The X1 switches that GPU out for a 256-core Maxwell GPU, the same core count and architecture as a GeForce 830M. Like desktop Maxwell chips, it supports DirectX 11.2 and OpenGL 4.5, and it will be able to support DirectX 12 when that API is released. We know much less about the CPU, which is an eight-core design that combines two sets of four cores. That arrangement implies that it’s an ARM Cortex A57 and A53 design in a big.LITTLE configuration, which would mean a departure from Nvidia’s custom Denver CPU architecture—we’ll do more digging and give you more information on the CPU cores as we have it.
Update: Nvidia’s press release confirms that the company isn’t using a custom-designed CPU architecture for the X1—it is in fact a combination of 64-bit ARM Cortex A57 and A53 cores. Like theSnapdragon 810, the X1 will use the four A57 cores for tasks that need a lot of speed, and the A53 cores will handle lower-priority tasks in order to save power. It’s always odd when a chipmaker backs away from a custom architecture given the cost and time involved in chip design, and it’s not clear whether Nvidia is abandoning its CPU ambitions or if this is just an anomaly. The X1 is built on a 20nm manufacturing process, most likely from longtime Nvidia foundry TSMC.
Huang played up the X1’s compute power during the presentation, and claims that it’s capable of up to 1 teraFLOP of performance using the 16-bit floating point format. The SoC also supports 4K h.265 (HEVC) video encoding and decoding at 60 frames per second.
Though the chip will presumably show up in some high-end mobile devices, Nvidia spent most of its presentation focusing on in-car entertainment, navigation, and auto-pilot systems. One of the first products to use the X1 will be the Nvidia Drive CX, a “digital cockpit computer” intended for cars. It can drive multiple high-resolution displays and virtual machines at once, and supports Android, QNX, and Linux operating systems. The box is designed for cars that use multiple screens to drive multiple interfaces at once.
The devices also come with Nvidia-made software called Drive Studio, which can simulate a car’s cockpit—the company showed off a lengthy demo of a rendered 3D speedometer that carmakers and users can change to fit in with the materials and design of the rest of the dashboard.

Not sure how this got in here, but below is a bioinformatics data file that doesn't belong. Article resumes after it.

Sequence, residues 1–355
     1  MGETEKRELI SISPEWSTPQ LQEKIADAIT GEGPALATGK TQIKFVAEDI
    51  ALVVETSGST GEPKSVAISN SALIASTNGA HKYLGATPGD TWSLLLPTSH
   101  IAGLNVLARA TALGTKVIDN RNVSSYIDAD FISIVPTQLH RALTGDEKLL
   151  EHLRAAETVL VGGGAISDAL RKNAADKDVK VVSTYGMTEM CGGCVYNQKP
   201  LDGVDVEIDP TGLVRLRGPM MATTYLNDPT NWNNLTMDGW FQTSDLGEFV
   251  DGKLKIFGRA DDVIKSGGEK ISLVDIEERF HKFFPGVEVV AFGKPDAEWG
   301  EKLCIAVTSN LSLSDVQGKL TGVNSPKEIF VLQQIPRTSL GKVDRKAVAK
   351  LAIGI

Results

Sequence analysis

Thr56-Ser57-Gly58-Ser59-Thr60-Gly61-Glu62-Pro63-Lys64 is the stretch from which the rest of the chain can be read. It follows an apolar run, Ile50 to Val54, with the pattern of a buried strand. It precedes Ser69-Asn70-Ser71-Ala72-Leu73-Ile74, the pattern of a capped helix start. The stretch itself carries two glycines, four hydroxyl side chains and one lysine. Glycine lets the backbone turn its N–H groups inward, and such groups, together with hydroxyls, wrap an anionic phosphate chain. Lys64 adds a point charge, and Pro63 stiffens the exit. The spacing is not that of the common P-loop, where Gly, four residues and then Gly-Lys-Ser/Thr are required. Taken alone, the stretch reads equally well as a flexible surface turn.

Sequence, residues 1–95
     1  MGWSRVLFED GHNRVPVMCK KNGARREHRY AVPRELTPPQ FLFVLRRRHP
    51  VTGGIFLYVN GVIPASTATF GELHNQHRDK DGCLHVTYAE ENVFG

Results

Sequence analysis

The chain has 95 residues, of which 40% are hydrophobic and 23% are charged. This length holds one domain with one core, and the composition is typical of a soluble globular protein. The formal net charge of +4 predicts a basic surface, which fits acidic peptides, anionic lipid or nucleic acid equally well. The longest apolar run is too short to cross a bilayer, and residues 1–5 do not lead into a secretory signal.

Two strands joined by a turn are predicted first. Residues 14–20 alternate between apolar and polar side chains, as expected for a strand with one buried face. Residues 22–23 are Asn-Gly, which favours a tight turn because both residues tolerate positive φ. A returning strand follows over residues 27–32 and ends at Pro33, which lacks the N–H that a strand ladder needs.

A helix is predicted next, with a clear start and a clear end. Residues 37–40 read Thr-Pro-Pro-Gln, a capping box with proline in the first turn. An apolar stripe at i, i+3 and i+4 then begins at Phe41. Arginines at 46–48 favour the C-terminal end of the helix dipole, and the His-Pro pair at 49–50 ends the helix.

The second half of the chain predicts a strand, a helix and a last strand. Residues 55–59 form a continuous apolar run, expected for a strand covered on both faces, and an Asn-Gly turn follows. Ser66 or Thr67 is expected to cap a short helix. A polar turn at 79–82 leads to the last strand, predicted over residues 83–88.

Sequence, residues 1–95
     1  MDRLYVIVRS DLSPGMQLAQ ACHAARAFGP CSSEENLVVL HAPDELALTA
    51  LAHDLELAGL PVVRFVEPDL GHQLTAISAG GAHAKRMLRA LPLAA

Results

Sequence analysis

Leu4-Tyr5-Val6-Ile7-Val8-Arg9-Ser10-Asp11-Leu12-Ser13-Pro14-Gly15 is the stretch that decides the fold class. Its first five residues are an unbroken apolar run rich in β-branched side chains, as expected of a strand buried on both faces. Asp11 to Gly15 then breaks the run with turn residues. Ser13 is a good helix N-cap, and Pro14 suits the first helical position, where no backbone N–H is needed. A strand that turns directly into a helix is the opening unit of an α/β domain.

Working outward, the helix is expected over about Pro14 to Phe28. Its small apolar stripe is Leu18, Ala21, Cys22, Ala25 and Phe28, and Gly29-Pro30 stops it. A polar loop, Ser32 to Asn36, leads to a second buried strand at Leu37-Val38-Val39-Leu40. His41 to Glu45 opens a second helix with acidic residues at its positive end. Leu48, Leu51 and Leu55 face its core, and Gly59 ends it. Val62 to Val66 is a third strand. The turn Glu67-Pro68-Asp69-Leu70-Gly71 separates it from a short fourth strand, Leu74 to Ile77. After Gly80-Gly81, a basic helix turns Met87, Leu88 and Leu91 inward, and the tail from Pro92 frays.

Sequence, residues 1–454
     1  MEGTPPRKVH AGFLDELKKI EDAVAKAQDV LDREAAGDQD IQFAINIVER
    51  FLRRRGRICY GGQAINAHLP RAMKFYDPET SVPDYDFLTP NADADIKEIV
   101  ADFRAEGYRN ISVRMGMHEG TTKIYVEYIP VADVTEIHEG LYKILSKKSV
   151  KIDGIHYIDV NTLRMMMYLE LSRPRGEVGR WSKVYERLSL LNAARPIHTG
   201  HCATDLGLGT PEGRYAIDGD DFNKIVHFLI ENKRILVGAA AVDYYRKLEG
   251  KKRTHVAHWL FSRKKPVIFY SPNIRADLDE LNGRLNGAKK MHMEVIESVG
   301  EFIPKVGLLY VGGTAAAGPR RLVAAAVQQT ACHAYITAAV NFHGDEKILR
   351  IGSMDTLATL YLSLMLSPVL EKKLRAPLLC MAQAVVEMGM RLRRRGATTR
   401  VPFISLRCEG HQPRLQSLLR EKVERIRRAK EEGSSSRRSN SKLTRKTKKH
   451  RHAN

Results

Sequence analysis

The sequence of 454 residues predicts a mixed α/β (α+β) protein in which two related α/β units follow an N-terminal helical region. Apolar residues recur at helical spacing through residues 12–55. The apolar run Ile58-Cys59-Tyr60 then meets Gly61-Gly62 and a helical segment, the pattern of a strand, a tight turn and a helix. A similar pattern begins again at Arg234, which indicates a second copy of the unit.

Nvidia also announced the Nvidia Drive PX, an “auto-pilot car computer” powered by a pair of Tegra X1s. Used in conjunction with up to 12 separate HD cameras, a car with the Drive PX can build an “environment model” that it can use to “see” and “understand” its surroundings—it can supposedly detect other vehicles, pedestrians and cyclists, road signs, and other information. Using something Nvidia calls “deep learning,” the system can be trained to detect partially obscured pedestrians, whether school buses or ambulances are flashing their lights, and other context-sensitive things that a real driver might see and respond to.
All of this data is then used to help the car automatically perform pathfinding and help drivers avoid collisions. Huang hopes that the PX can help even lower-end cars perform these kinds of tasks—most current driver assistance systems are confined to high-end vehicles.
- Dream Multimedia Dreambox Dm800SE
- Enigma 2
- enigma2: Release exp
- Machine: Dreambox dm800se
- Date: 20140124
- MD5: cc11d5143fc81c27e7ea0441c5010f30
- EvolutionPlugin-v1.0 thanks
Enigma patched by ramiMAHER thanks
- image patched by riyad66
- secondstage is 84b sim2
- bootlogo sim2 fractal by riyad66
- ::TSpanel4.6 default::
Firmware: Vu+/Vusolo & DM800SE (12.22-Sim210-84.B.riyad66.nfi)
Has been modified to run on Internal and External Flash Dreambox 800 hd sim2 84 b These images it experimental
- enigma 20111221
- image experi 20111221
- Secondstageloader 84b sim210
- driver: 09.11.2011 original
- bootlogo dreamoem sim2
- TSpanel4.1 default
- CCcam 2.3.0
- CCcam 2.2.1
A guide to flash a new firmware image to the Dreambox DM7020 satellite receiver using the tool DreamUp.
Official DreamMultimedia DreamUP
First disconnect the box from main power
start the program “DreamUp
select: comport 1 or 2
if network: enter the local IP from your PC, enter a remote IP for your Box
press the “Connect” – button
and then connect the box to main power
please wait now
after the flash loader is transfered into the Box select the firmware by pressing
the “Flash” – button
select the firmware and click “open”
upload starts now, please wait
Box is flashing the new firmware into the flash memory, please wait
flashing done, press “OK”
press “disconnect then exit”
restart the box
This guide covers how to add a single channel manually to your Dreambox DM500S/DM800 or compatible/clone satellite based Enigma 1 or 2 receiver.
How to manually add a new channel?
Menu-Setup-searching service-manual scan
For example, I took a new channel packages TeamSat BH – RTRS
select the satellite and the parameters for the channel (network scan – YES) and click OK to search
Now exit to the image and then open the bouquet – satellite
Click the MENU button on the channel and add service to bouquet
select the bouquet you want (eg favorites)
Now the channel is transferred to the bouquet favorites. go to the bouquet and if you want to move the channel to a specific place again click menu on the channel and turn MOVE MODE
click on the same channel will change color, which means that it can move to where you want
clicking again channel remains at the place where you want to